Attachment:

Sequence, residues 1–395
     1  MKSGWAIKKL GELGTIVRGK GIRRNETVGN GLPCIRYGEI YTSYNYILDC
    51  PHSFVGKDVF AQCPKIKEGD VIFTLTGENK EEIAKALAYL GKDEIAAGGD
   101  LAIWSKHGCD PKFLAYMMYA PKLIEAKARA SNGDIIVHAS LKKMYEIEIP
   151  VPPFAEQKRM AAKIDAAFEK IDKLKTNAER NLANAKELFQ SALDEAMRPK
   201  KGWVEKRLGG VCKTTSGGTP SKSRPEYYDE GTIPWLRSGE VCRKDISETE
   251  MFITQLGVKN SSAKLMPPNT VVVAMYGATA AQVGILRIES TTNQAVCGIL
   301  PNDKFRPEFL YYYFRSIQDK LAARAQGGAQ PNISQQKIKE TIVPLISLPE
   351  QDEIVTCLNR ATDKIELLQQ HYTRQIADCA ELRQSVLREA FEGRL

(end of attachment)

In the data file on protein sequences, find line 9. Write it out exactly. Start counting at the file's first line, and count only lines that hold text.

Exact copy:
   351  QDEIVTCLNR ATDKIELLQQ HYTRQIADCA ELRQSVLREA FEGRL